Myself, I regard nature very largely as therapy. It is where I go to get away from words, from people, from artificial things. It is affection and friendship, too; the recurrence, the return in the cycle of the year of certain flowers, beasts, birds and insects I am fond of. It is sounds. It is curlew on a winter's evening, as I lie in bed. It is the sparrows that chirp on my roof each morning. Above all it is the familiar natural life that lives and breeds round my house—the kind of life any rarity-hunting naturalist would not even notice, it is so ordinary. But I have trained myself, partly through reading about Zen, partly through thinking on the texts of such men as Thoreau, not to take anything in my thousand-times-walked-around garden as familiar. I'm not in the least a religious person, but I suppose the process is something like prayer. You have to work at it. I once told a Benedictine monk that prayer was incomprehensible to me. "Yes," he said, "it was to me once. It becomes comprehensible only through endless repetition."

This, I am convinced, is what practical conservation needs behind it, or beneath it, if it is to work: a constantly repeated awareness of the mysterious other universe of nature in every civilized community. A love, or at least a toleration, of this other universe must reenter the urban experience, must be accepted as the key gauge of a society's humanity, and we must be sure that the re-entry and the acceptance is a matter of personal, not public, responsibility. So much of our communal guilty conscience is taken up by the cruelty of man to man that the crime we are inflicting on nature is forgotten. Fortunately there seem to be many signs in the United States that this "lesser" crime against natural life at last is being recognized for what it is—not the lesser crime at all, but the real source of many things we cite as the major mistakes of recent history. You may think there is very little connection between spraying insecticide over your flower-beds because everyone else in your street does the same and spraying napalm over a Vietnamese village because that's the way war is. But many more things than we know start in our own backyards. Social aggression starts there; and so does social tolerance.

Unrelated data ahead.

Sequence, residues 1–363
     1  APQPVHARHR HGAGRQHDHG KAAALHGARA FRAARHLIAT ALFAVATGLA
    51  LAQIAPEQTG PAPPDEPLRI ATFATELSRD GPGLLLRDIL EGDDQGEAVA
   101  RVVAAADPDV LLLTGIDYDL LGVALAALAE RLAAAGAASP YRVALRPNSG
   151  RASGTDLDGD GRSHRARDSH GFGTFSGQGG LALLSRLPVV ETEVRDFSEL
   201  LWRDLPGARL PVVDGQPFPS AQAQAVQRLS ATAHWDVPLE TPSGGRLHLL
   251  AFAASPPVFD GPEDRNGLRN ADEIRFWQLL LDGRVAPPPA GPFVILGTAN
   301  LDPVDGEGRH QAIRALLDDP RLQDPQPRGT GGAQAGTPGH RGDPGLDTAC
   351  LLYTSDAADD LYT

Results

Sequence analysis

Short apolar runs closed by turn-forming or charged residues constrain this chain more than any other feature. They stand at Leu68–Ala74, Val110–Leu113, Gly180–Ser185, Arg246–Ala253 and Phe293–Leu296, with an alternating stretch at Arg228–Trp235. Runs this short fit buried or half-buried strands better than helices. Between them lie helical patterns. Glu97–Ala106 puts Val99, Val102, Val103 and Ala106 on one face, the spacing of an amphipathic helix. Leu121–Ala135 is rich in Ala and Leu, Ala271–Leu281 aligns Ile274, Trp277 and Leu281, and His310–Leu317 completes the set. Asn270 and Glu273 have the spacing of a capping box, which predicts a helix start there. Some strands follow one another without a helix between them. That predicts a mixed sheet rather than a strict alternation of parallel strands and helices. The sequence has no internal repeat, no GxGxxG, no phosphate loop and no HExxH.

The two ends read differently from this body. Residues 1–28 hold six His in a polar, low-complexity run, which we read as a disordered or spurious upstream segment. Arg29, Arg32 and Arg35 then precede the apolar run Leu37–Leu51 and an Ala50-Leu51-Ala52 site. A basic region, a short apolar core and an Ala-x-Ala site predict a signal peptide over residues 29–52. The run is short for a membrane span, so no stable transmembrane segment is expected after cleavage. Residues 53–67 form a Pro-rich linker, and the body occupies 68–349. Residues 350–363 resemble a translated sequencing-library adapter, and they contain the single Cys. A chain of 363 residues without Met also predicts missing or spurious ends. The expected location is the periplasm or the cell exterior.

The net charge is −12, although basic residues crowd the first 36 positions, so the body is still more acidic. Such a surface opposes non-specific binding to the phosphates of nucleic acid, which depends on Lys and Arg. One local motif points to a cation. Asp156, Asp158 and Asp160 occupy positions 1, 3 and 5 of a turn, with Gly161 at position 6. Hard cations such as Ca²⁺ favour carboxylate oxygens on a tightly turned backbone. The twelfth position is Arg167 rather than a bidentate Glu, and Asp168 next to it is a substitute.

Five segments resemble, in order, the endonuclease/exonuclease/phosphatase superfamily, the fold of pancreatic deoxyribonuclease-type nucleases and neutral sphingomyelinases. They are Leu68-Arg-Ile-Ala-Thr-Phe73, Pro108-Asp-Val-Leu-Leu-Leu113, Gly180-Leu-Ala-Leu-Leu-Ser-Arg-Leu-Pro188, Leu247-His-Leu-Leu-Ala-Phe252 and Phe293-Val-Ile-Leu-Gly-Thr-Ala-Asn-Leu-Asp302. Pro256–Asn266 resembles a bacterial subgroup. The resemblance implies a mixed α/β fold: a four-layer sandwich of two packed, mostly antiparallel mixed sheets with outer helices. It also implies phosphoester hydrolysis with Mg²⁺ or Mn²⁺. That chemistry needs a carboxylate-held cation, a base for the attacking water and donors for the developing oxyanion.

Nature is an inalienable part of human nature. We can never blaspheme against it alone. Exterminate, and you shall be exterminated. Don't care, and one day, perhaps too late, you or your children will be made to care bitterly. Evolution holds no special brief, no elect place for man. Its only favorite is the species that keeps the options open. The nightmare of our century is that so many of man's options are closing on him. A main reason for this is that the individual increasingly lets society and its label-words usurp his own role and responsibility. We all know that we have to get things right between ourselves and the other forms of life on this crowded planet. What we don't, or won't, know is that the getting right cannot be left to government, to the people who are paid to care. I make no apology for saying it again. Conservation can never be someone else caring. It is you caring. Now.